Lastly, I’ve mentioned that terraform is a good choice for AWS automation. Now I had my first experience and I want to share them whit you.

Separation of Environments

Deployment Environments do not require introduction also that non production environments should as far as the possible copy production environment. Therefore it’s become crucial to have one Infrastructure code for all environments.

At the moment with terraform (since v 0.9.x) it become possible to have only one code-base for all environments utilizing State Environments.

terraform env select dev
terraform apply -var-file=dev.tfvars -refresh=true

In this excerpt, the resource definition uses variables for all changed parts between environments. Separate states are maintained per environment (fist line), but you need to apply proper environment variables (second line).

To prevent errors or choosing the wrong environment it’s better to use predefined scripts that capture that.

Modules

Modules are great to capture a common set of resources you can reuse. But at the beginning do not start with modules. Try to understand how things are working and what belongs together and what do not.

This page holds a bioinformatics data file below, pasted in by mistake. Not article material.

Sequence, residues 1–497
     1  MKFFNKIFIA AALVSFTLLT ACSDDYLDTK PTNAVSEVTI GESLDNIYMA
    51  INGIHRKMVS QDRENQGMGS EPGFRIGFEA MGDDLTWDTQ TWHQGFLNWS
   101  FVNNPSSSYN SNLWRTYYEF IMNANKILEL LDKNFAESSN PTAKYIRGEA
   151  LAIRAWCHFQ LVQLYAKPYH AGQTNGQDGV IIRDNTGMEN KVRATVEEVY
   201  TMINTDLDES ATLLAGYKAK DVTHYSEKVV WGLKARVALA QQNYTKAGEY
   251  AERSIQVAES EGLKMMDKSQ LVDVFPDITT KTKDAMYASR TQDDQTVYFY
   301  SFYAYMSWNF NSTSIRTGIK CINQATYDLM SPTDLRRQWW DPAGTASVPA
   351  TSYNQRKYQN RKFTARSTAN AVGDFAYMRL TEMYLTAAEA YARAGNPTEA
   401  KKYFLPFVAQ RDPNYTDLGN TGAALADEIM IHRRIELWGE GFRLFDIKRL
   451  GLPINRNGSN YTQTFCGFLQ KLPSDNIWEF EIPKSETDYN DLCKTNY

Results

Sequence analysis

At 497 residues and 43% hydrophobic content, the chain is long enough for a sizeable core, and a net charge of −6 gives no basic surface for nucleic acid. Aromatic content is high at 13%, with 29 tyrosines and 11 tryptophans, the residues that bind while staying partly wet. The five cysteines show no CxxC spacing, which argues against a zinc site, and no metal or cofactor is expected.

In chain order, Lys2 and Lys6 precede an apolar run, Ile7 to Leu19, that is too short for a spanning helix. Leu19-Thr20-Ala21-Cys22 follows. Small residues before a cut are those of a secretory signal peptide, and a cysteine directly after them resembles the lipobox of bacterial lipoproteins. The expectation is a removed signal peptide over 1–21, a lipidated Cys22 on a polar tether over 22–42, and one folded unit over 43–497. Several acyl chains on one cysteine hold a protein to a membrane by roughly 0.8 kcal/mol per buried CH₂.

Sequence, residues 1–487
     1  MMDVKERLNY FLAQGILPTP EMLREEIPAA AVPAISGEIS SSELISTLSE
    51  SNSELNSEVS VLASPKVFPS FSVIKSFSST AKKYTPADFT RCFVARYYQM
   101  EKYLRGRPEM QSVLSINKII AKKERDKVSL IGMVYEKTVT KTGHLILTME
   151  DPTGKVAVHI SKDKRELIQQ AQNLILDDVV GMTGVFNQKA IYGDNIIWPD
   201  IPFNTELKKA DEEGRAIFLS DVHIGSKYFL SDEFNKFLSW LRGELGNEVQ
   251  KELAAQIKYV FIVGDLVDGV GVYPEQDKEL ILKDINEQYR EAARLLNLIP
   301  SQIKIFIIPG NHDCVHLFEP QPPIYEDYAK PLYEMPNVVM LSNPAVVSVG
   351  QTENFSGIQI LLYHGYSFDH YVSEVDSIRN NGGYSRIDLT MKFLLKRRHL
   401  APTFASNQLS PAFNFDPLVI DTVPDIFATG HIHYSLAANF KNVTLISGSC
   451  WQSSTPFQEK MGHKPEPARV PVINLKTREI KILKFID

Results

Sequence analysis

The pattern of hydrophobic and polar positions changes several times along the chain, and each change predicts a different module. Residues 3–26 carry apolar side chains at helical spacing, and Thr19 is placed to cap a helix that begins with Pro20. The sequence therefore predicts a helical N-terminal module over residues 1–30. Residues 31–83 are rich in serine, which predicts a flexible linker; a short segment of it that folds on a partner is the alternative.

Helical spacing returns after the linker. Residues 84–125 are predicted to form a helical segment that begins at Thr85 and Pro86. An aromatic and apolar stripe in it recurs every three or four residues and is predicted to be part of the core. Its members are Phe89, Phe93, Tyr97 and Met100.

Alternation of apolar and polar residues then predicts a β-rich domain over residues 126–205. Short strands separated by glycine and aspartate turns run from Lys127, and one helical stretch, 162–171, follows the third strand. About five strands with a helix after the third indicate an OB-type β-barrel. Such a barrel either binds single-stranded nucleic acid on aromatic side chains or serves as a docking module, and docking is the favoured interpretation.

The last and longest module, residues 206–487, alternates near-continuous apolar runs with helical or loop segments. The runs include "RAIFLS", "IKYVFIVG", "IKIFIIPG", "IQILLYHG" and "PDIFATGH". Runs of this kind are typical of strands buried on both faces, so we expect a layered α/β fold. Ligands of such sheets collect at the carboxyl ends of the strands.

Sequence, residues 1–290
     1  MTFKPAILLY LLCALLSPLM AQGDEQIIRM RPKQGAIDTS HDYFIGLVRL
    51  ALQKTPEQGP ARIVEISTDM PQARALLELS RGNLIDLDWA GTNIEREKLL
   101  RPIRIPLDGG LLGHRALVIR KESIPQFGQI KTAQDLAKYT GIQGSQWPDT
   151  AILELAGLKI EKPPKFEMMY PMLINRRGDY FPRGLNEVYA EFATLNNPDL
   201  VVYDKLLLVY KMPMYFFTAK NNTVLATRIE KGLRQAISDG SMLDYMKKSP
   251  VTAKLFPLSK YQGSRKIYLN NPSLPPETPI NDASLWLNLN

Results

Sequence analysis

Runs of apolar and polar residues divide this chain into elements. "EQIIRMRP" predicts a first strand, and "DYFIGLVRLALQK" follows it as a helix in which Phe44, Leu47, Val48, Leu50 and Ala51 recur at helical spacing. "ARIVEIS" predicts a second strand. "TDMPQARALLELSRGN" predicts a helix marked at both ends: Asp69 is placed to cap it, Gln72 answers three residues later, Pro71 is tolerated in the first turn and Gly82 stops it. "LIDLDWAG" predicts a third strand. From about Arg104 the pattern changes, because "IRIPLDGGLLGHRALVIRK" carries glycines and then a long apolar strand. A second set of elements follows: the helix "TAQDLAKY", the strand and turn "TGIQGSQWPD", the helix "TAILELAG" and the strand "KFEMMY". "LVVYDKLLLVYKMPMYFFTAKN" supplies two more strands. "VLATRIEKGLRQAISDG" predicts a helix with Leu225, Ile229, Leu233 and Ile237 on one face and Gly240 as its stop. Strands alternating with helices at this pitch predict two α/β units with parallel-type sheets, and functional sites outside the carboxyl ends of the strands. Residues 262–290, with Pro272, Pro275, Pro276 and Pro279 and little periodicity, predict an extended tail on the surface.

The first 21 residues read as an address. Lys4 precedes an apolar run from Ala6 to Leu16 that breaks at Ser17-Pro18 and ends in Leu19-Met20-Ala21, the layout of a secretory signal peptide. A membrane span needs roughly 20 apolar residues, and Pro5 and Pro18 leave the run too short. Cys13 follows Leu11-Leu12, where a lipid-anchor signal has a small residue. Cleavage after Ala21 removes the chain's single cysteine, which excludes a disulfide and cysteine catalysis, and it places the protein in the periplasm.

Avoid nested modules, because it overcomplicates variable passing and refactoring.

And be aware of the fact, that it’s not easy to define explicit dependencies between modules. It’s still very wanted and not implemented feature

Misc

You don’t need to start with remote states. So I’m still checking local state to git. But as soon as several people begin to contribute you need to think about it. The Environment States are very fresh and now1 are already supported with AWS S3, but e.g. not with Google Cloud Buckets.

Be careful with state, make sure you don’t end up in a broken state. I run into a stupid issue with the local state where I was busy with big refactoring and didn’t check that [Ctr+C] can destroy the local state with is a bug I reported.

As always feel free to comment ;)


  1. At a time where terraform 0.9.4 is the most recent released version. ↩︎